Patterns of Office Employment Cycles
Shilton, Leon, The Journal of Real Estate Research
Abstract. Based upon an the analysis of quarterly office employment and total employment changes from 1975 through 1994, this research concludes that for a majority of the fifty metropolitan areas, office employment cycles are converging towards seven year cycles. However, many of the patterns are emerging and for one-third of the cities, the office employment changes are a random walk. While changes in office employment and total employment are correlated, neither series lags nor leads the other. Office employment grew faster than total employment, but office employment changes were more volatile.
The poor investment performance of the office property sector during the last recession revives the analysis of office development timing. Looking at office employment changes, developers muse as to when in the real estate cycle to start development. Meanwhile, property managers devise leasing strategies to buffer their properties against office employment volatility.
This research seeks to answer:
Cycles: Is there a generic office employment cycle in the United States? Can the optimal time for office development be discerned?
Latitudinal: Is the cycle length standard or does it vary across metropolitan areas?
Composition: Are structural changes in the economic base affecting this cycle?
Lag: Does office employment in a metropolitan area lag or lead changes in its total employment?
For fifty metropolitan areas, this research classifies at the three-digit Standard Industrial Classification (SIC) level the office employment growth patterns during the two business cycles since 1974.
Previous analysis of local office space cycles usually focused on the impact of new supply on vacancy levels (Born and Pyhrr, 1994) and rents over time (Shilling, Sirmans and Corgel, 1987; and Wheaton and Torto, 1988). Rents and vacancy changes were found, at least nationally, to follow the usual depiction of the sinal wave curve of the business cycle (see Exhibit 1). Because of faulty information processing prevalent in the real estate industry (Shilton and Tandy, 1993), however, there is no common agreement about these statistics in any given metropolitan area. The use of these statistics to measure a cycle is therefore questionable.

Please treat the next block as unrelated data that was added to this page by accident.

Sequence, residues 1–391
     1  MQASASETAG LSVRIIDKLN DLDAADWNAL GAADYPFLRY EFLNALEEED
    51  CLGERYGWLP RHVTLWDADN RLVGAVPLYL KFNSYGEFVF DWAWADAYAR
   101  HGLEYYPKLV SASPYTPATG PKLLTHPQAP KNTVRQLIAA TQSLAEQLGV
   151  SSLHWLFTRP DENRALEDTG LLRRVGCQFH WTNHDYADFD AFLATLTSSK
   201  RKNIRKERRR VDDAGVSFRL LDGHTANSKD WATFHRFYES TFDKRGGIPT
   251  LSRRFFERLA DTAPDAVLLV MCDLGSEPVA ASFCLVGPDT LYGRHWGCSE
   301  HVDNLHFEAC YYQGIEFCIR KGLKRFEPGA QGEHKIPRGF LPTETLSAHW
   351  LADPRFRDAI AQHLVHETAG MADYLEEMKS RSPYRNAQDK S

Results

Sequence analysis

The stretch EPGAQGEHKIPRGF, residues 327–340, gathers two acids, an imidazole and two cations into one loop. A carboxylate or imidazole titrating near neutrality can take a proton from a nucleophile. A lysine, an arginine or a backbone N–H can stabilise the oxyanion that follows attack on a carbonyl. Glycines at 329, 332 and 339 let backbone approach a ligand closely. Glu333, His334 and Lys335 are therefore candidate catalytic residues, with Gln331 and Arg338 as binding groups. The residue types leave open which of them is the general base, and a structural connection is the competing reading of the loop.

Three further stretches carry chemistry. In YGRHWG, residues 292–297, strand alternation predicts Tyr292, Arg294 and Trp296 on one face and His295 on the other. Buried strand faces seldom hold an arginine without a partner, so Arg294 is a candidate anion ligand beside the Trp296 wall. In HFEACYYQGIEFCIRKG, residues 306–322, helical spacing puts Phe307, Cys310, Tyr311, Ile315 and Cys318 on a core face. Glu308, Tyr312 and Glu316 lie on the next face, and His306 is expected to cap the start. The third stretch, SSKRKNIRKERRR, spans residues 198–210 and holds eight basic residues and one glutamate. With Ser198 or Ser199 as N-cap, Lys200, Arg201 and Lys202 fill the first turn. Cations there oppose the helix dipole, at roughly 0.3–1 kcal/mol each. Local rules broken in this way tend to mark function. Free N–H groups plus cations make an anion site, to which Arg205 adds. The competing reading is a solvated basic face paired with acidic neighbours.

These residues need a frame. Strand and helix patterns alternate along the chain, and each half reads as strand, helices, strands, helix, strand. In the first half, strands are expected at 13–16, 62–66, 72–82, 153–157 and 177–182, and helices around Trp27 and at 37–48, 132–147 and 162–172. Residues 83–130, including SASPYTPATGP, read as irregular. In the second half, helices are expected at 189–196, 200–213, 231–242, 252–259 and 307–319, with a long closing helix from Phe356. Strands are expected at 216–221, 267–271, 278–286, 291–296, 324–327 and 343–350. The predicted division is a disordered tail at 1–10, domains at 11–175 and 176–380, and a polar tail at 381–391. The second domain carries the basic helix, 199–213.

As an alternative, this research tests how cyclical is office employment, the underlying driver of office demand. In contrast to the extensive studies of manufacturing employment cycles, the analysis of office employment and how it drives demand for office space has been limited (Born and Pyhrr, 1994). The view that office space demand is either a residual of manufacturing/service activity and/or some function of total aggregate employment (Carn, Rabianski, Racster and Seldin, 1988) resulted in a focus on the cyclic nature of total employment. Thus, the subject of the patterns of office employment and how they might affect office space demand has not been fully explored.
Noyelle and Stanback (1984) concluded that the economic base of a city could no longer be described chiefly as a function of its manufacturing base. In a service-oriented economy, the office employment profile may depend on the nonmanufacturing function of the city (trade, banking, services, etc.) and not the type and magnitude of manufacturing employment (Shilton and Webb, 1991).
The employment data of the SIC group 60-69-Finance, Insurance and Real Estateand of other selected SIC groupings from business services employment sector group SIC 70-79 (Wheaton, 1987) are commonly used to estimate office space demand. This hybrid proxy, however, still underestimates employment for the number of industries that use office space (Kelly, 1983; and Shilton, 1985, 1995).
Using fine grained office employment data bases at the three-digit SIC level for a twenty-year period for fifty cities, this study attempts to discern the changes in office employment and what, if any, distinct patterns emerge. …